2.) Value Experience. There are many talented individuals in our region who have experience to address our community’s problems, and that go to the heart of the six core pillars of strengthening our region. But, to the generation that was not born in the 1990s, slightly too old for a “40 under 40” Award, or do not reside in the heart of largest city are like the senior pets of a local animal shelter. We get overlooked for our age, but still have a lot of love to give. We have Bachelor Degrees, Masters Degrees, experience and knowledge, but we get passed by for the puppies and kittens of the group who have broken through the professional wall. Nothing against the younger generation. I feel a terrific synergy could be created to pair the generations together more so. Unfortunately, we operated in a “not what you know, but who you know” environment, and that is typical in our society, but it does not make it right. Sadly, many captains of industry and leaders in our area have the resources to address this issue, but they do not. We are missing making some great connections among the talent that are being segregated and highlighted willful generational divide.

3.) Go Beyond Lip Service. I cannot tell you how many times I have heard, “We need you here and we want you to stay here” in the past year as I completed my Master’s Degree and started looking for my next local career opportunity. It is nice to be wanted, but it has not translated to a real opportunity to stay in NE Indiana. I consider myself fortunate that I “know” a lot of prominent figures in our area, but they are many talented people in our region that don’t have that network and are opting to leave. At the same time, those “notable relationships” do not provide a safety net of finding a career in the region either. I have sent emails, made phone calls, gone to business socials, passed out business cards, sent resumes, spent countless hours writing proposals, developed budgets and even shown how my particular field of community development can be helpful to the needs of everyone from hospitals, banks and regional chambers. A State Senator has even gone to bat for me trying to help me make connections to keep me local, but to no avail. The responses have been nice and heartwarming. “You’re an asset to the region.” “We need to keep you here.” My personal favorite is, “I am working on creating a file, and thinking of how we can keep you here.” Really? I have a Manilla Folder and pen on my desk if it will help expedite that file making process. The point is we have to commit to our talent and put the network and resources behind it to make it truly effective, or talent we did not even know we had in the region will continue to leave. The professional and talent pool of NE Indiana need an outlet; especially our more seasoned ones who may, or may not have, a social network in place. They need more than lip service, or a file created. They need real support in a timely manner.

 

My affair in my marriage with NE Indiana came into play only last week. I took a break to visit my parents in Florida to the Fort Myers area. A region many in our zip code flock too every winter. It is a metro area that has many of the same aspirations, qualities and challenges our own area faces. They have water. We have water. They have interstates and state roads. We have interstates and state roads. They have thriving downtowns. We are getting there. They are expanding their network of sidewalks and bicycle systems. We are working on it. They have medical facilities. We have medical facilities. They have culture. We have culture. You get the picture. Northern based money and talent built this region from Day 1, and is continuing to do so in many ways. Their economy has rebounded. They were in a downturn before the rest of the country knew it was happening. Forget climate as a comparison point. Snow melts and it does get very hot for days on end in the summer months in Florida.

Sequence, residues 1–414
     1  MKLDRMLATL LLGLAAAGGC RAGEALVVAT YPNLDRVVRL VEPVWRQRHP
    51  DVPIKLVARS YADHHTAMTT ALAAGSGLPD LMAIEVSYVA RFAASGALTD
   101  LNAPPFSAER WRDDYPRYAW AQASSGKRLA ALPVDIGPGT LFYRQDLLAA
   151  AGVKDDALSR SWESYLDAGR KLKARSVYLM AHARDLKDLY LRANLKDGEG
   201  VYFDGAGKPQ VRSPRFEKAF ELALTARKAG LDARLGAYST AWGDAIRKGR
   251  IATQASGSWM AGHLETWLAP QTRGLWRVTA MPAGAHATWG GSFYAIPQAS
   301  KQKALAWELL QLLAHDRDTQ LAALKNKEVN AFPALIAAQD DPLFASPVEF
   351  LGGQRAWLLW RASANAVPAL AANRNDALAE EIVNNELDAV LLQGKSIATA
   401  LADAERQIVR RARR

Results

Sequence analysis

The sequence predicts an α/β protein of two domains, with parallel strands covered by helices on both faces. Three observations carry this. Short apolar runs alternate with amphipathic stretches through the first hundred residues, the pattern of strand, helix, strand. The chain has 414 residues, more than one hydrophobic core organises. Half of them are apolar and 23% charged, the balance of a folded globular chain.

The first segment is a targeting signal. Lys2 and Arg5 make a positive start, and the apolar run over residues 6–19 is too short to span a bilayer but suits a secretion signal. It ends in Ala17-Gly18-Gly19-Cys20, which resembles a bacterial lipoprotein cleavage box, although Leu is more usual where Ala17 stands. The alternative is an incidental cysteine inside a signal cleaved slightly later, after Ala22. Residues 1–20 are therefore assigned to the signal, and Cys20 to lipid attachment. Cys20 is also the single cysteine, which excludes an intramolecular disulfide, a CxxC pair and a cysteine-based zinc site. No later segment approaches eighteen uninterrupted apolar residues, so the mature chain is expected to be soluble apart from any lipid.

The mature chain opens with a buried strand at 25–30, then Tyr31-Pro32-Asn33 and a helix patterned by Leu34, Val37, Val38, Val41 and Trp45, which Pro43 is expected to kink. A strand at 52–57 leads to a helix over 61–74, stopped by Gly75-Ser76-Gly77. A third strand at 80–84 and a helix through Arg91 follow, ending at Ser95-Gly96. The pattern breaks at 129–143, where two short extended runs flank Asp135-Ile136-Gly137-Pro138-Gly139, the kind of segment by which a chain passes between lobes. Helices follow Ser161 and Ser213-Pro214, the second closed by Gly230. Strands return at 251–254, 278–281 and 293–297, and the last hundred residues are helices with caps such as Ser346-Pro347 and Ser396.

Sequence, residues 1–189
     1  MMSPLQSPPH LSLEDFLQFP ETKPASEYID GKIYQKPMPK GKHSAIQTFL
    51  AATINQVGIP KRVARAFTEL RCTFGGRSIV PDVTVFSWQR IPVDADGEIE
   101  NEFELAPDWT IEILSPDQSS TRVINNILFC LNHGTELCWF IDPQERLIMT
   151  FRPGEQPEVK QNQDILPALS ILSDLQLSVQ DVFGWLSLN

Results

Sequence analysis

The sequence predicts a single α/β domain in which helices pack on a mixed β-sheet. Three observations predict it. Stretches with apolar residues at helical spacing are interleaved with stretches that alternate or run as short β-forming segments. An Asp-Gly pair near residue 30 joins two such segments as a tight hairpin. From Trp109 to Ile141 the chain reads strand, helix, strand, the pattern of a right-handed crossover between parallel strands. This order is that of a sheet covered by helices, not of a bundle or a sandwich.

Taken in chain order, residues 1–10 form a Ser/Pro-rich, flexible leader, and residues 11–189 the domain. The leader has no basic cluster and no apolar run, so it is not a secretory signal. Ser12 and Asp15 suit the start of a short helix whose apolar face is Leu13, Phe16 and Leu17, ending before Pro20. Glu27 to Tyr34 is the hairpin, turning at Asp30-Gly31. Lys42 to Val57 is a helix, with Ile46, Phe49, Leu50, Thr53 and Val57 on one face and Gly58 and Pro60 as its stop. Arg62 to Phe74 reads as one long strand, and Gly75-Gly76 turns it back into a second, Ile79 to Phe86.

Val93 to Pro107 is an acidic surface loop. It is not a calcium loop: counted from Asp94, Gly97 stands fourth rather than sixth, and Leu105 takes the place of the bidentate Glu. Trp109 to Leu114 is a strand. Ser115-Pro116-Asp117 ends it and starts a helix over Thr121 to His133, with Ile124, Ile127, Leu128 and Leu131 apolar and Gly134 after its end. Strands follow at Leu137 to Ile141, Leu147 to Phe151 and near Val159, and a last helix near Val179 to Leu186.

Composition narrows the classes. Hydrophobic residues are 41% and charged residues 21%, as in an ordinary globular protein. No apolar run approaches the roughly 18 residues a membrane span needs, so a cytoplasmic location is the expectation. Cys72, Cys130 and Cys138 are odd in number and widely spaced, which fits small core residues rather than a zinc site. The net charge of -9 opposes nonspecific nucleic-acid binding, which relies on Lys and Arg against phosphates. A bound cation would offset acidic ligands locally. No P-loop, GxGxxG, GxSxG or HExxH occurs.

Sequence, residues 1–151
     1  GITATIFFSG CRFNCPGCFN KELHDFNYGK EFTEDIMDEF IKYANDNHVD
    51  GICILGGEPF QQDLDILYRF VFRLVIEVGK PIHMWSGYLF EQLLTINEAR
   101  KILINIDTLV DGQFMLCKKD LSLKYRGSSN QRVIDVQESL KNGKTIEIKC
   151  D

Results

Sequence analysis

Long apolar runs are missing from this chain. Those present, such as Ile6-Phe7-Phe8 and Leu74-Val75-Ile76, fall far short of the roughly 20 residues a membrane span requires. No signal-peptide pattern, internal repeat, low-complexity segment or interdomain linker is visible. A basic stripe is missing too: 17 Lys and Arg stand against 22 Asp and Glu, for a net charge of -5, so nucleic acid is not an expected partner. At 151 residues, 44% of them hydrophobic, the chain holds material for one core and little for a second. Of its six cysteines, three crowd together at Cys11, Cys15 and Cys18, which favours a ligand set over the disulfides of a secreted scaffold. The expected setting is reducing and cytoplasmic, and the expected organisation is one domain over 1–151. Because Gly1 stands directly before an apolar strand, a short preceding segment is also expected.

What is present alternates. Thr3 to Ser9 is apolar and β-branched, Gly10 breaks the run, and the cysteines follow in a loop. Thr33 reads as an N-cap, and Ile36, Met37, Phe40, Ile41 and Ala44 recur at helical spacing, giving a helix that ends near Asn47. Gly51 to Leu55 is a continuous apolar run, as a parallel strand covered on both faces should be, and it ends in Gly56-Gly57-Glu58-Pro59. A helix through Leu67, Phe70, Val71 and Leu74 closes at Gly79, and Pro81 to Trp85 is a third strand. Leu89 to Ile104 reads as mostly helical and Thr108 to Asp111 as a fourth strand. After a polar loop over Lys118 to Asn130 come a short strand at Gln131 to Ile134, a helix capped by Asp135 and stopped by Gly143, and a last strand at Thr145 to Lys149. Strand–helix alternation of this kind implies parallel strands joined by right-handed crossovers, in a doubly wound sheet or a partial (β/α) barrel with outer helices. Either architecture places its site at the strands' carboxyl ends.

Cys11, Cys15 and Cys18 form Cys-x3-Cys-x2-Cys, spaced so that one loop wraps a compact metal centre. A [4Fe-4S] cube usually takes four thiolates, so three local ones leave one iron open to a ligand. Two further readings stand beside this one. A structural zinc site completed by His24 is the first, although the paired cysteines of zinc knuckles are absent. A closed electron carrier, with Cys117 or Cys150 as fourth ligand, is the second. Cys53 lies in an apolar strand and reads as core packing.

Southwest Florida embodies all three tips outlined for a successful marriage of talent and NE Indiana. I knew no one here professionally. I took initiative to reach out to local leaders to learn more of their needs and challenges; and to create a network. Within 72 hours of sharing a resume, having an hour long conversation, an exciting professional position was offered. 72 hours. Meanwhile, somewhere in NE Indiana a file is being created so we can think about it for another year. Apparently they saw an opportunity and they jumped on it. They saw something in experience and education that fits the direction their communities are going and need, and I am grateful. The name of the game of successful communities and regions is don’t think about it too long, or someone else will grab the opportunity. Working to improve a region is sometimes a thankless and never ending job, and I appreciate the efforts being pursued by so many to change our future for the better in NE Indiana. However, there are simple basics that cannot be overlooked in the goal of retaining talent while managing the larger picture. Doing so may find some of our best resources slipping through our hands, out the back door and down the interstate. Leading to more broken hearts and mental divorces from our communities and region by those who really don’t want to leave, but may have no other choice. Here’s to the hope Cupid may strike and the discouraged portion of the talent pool and NE Indiana find true love for our region once again.